The Best Selling Cheeses

Updated April 17, 2017

Different cheese-making processes across countries and centuries have yielded cheeses that range from creamy to hard, crumbly to smooth, mild to sharp and salty to sweet. Cheeses enhance any culinary experience. But which is the most popular? You might be surprised by which cheeses rake in the most money per year.


The popularity of pizza --- frozen, delivery and gourmet --- throughout the United States account for mozzarella's top spot on the best-seller list. Mozzarella is, of course, also used in popular Italian-style pastas such as lasagne and baked ziti, and fresh mozzarella is served with tomato and basil in caprese salads.

Since fresh mozzarella has a brief shelf life, mozzarella is frequently processed and sold in this country as a much harder, rubberier cheese than its Italian form.


Cheddar, according to the Grocery Trader, is England's best-selling cheese and is the second-most popular in the United States. The white or yellow, sometimes-sharp cheese originated in the village of Cheddar, in England, and accounts for more than half of the country's nearly £2 billion annual cheese sales.

"Cheddaring" is a process by which cheese curds are treated with salt and drained of whey, then matured in a cool, cavelike environment. American cheese products, such as Easy Cheese, that claim to be "cheddar-flavored" have little in common with cheddar itself.

Monterey Jack

This cheese, developed in Monterey, California, in the 1880s, has become the most popular American cheese in the United States. It's sometimes combined with Colby cheese to make the orange-and-white marbled Colby Jack, or with hot peppers to make the spicy Pepper Jack, commonly used in Tex-Mex cuisine.


Swiss cheese is an American term referring to a variety of Swiss Emmental cheeses and is best known in this country for its pungent flavour and its holes or indentations, known as eyes. While it's common to find fault with Swiss's particular taste, Swiss is available as a sandwich or omelette cheese on almost any American diner menu.

Cream Cheese

Cream cheese is a soft, spreadable, mild white cheese commonly used on bagels or English muffins, as well as in cheesecake and as a butter replacement in various baked goods. Cream cheese is also used to make frosting for carrot and red velvet cakes and in the popular American-Chinese crab Rangoon.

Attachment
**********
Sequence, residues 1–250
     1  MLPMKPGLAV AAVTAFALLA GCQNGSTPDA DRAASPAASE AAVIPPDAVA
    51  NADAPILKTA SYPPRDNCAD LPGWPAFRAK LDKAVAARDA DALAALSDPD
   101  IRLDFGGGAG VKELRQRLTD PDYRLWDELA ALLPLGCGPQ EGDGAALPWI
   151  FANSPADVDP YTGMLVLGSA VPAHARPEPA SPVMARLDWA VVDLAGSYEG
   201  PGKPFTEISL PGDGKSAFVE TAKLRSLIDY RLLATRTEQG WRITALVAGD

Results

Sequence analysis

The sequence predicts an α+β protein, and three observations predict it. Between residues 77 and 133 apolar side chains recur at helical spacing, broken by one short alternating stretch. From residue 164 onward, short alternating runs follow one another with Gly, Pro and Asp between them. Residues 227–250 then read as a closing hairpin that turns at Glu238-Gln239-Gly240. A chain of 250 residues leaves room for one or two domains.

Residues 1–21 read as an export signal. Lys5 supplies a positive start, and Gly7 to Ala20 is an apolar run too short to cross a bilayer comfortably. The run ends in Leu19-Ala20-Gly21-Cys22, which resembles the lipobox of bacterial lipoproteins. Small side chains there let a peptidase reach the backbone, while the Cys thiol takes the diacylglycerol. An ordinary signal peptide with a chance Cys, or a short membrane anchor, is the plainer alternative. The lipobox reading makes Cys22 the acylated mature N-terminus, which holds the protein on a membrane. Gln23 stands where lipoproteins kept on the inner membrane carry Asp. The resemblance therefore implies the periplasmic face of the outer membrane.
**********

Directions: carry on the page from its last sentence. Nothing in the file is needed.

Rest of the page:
Cream cheeses were developed in various parts of England in the 17th and 18th centuries, but the American cream cheese that's a best seller now was first made in 1872 in New York.


Parmesan is an extremely sharp, pungent, hard Italian cheese that, in the United States, is often sold in grated or powdered form. Parmesan is a popular topping for pizza and pasta.

Blue Cheese

Blue cheese (also known by the French "bleu cheese"), easily recognisable by its white crumbly appearance and telltale blue streaks, is popular as a salad topping and is most commonly purchased in the United States for the manufacture of blue cheese dressing. Salty and pungent, blue cheese has its detractors, but it remains on the best-seller list.


Lasagne, cannoli, calzone, ravioli --- none of these well-loved Italian dishes would be possible without the light, slightly sweet, creamy ricotta. Ricotta is blended with sugar for sweet, rich pastry fillings and with garlic and Parmesan for hearty savoury dishes.


Feta is a crumbly, salty white cheese made from goat's milk. It's popular as a salad topping and in pastries such as spinach pie.


Other popular cheeses include Brie, cottage cheese, havarti, Edam, provolone, Romano, Stilton and Roquefort.

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About the Author

Samantha Cohen has been writing professionally since 2004. She enjoys writing book reviews and lifestyle pieces about fitness and cooking. She holds a Bachelor of Arts degree in English from the University of Wisconsin-Madison and a Masters of Fine Arts degree in writing from the California Institute of the Arts.